Tile showers should not only be leakproof, they should look good. On this project, I’ve protected against leaks by substituting DensShield for drywall, and using a liquid membrane to waterproof the floor, all seams at corners and niches, and all fasteners.
The next step is to set the 8x12-inch porcelain wall tile in a running bond or brick pattern so that it looks good and stays put.
1. Plan the Layout
I always plan the layout to make sure the tile is centered and symmetrical. The goal is to maximize the size of tiles at the bottom and top, avoiding narrow pieces. I avoid using a full piece at the top because the ceiling is usually not perfectly level. By cutting the top course of tile on all three walls, I can keep the joint width consistent all the way around.
In this case, I also had to consider two niches. To ensure they would be symmetrical, I sized and located them in advance so that the picture-frame trim tile at the top and bottom will fall on the horizontal joints between full wall tiles . This results in nearly equal 6-inch-wide courses at the ceiling and shower pan.
2. Butter the Tile, Don’t Slather the Wall
In showers and wet areas, I always use latex-modified thinset mortar, not mastic. When exposed to water, mastic simply turns to liquid, which can cause the tile to crack and eventually fall off the wall.
Rather than spread thinset on the wall, I prefer to butter thinset onto the back of every tile with a ¼-inch notched trowel . This keeps the work area neat and clean, and also reduces the amount of mortar that works into the joints, which makes grouting easier.
3. Skip the Spacers
I begin on the long wall, applying tile from the centerline outward toward the corners. I start with the first full course, which I set on a temporary ledger that I’ve leveled and fastened around all three walls. After all the wall tile mortar has cured, I will remove the ledger, set the floor tile, then fill in the course of cut tiles at the shower pan.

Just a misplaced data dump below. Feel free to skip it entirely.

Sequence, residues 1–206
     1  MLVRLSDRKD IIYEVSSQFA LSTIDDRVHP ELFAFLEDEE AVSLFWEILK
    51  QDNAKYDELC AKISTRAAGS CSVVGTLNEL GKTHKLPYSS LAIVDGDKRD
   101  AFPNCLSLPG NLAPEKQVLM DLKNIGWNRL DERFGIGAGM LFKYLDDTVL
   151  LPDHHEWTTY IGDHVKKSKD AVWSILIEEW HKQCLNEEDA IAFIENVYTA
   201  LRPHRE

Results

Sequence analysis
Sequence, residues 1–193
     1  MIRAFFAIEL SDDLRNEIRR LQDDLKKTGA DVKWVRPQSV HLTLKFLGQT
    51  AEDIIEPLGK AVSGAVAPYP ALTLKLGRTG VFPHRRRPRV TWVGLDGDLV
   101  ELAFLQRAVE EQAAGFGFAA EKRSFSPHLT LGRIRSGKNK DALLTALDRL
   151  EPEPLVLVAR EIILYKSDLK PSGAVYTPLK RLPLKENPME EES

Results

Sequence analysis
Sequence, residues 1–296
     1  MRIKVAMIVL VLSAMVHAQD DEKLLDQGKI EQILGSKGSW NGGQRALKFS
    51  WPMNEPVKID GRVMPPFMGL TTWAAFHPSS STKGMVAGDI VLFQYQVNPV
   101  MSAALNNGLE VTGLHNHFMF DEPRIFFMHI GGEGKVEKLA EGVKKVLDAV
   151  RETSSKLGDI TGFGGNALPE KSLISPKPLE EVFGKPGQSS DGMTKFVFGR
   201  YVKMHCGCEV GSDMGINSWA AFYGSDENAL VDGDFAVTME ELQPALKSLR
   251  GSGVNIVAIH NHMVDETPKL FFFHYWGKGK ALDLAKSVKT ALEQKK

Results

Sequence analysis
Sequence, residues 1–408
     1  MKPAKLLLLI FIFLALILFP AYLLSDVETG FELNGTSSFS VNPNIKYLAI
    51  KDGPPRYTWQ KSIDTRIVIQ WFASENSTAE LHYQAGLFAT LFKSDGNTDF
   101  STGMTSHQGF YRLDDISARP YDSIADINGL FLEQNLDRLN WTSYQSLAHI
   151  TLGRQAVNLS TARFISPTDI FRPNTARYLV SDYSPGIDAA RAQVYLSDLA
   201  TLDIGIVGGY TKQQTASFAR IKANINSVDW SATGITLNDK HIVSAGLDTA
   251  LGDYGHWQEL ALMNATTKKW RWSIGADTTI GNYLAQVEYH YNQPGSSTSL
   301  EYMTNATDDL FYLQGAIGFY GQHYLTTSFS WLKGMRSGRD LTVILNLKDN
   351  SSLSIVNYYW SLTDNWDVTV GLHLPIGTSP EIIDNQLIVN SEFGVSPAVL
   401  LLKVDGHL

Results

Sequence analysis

I’m spacing these tiles inch apart , but I don’t like to use spacers. Spacing the tiles by eye is faster and, after many years of setting tile, I’m pretty good at it. More important, with some tile, the dimensions vary, so using spacers will lead to crooked grout joints. The -inch grout joints allow for some irregularity in the edges of the porcelain tile. With tile that is more uniform, I can use ⅛-inch or even 1/16-inch joints.
4. Keep the Tile In Plane
With the first course set except for the cut pieces at the corners, I use a 4-foot level to check that the tile is flat and in plane . This is especially important with larger tiles in a running bond pattern because irregularities in tile thickness or bulges or depressions in the wall can skew the corners and create a lip at the joints. I adjust as needed by tapping the tile or resetting a tile after adding mortar.
5. Check for Level
Even though this first row of tile is laid on a level ledger screwed to the wall, I double-check with a level . This first row of tiles is critical because if these tiles are crooked, the whole wall will end up crooked. This is also one place where shims come in handy. I use shims as needed to bring the tops of the tiles perfectly snug with the level.
6. Measure Twice, Cut Once
Both ends of the first course need cut pieces. Because shower walls are frequently out of plumb, I always measure cuts at both the bottom [6A] and the top [6B]. With -inch grout lines, I will cut the tile ¼ inch shorter than the measurement.
I’m going to have cuts in every course, but I like to install as much tile as I can before making a trip to the saw. I wait until I have dimensions for several courses, then cut them all at once.
7. Check Level at Every Course
To make the running bond or brick pattern, the second course is offset by a half-tile width. I measure from both sides to the centerline [7A] to make sure this tile is properly aligned because it sets the pattern for all of the courses above.
Again, I level across the second row to keep the horizontal joints consistent [7B]. As with the first full course, I use spacers where needed to bring the tile into alignment.
8. Dry Tiles After Cutting
If cut tiles are wet from the saw, the thinset will not bond as well. I always wipe them with a rag to remove any moisture . After setting the cut pieces, I use a level again to check alignment.
9. Work Outside In on Sidewalls
When setting the sidewall tiles, start at the outside edge and work toward the corner . Ideally, the outside edge of the sidewalls will start only with full and half tiles. As with the back wall, lay as much tile as you can before making a trip to the saw for cuts.
10. Plan the Corner Cuts
The goal when planning layout of the sidewalls is to avoid narrow slivers of tile on both sides of the corner. With larger tiles like the ones I’m using here, I try to make it look as if the tile folds or bends around the corner . So, where a long cut tile on the back wall dies into the corner, a short piece of tile should come out of the corner on the sidewall.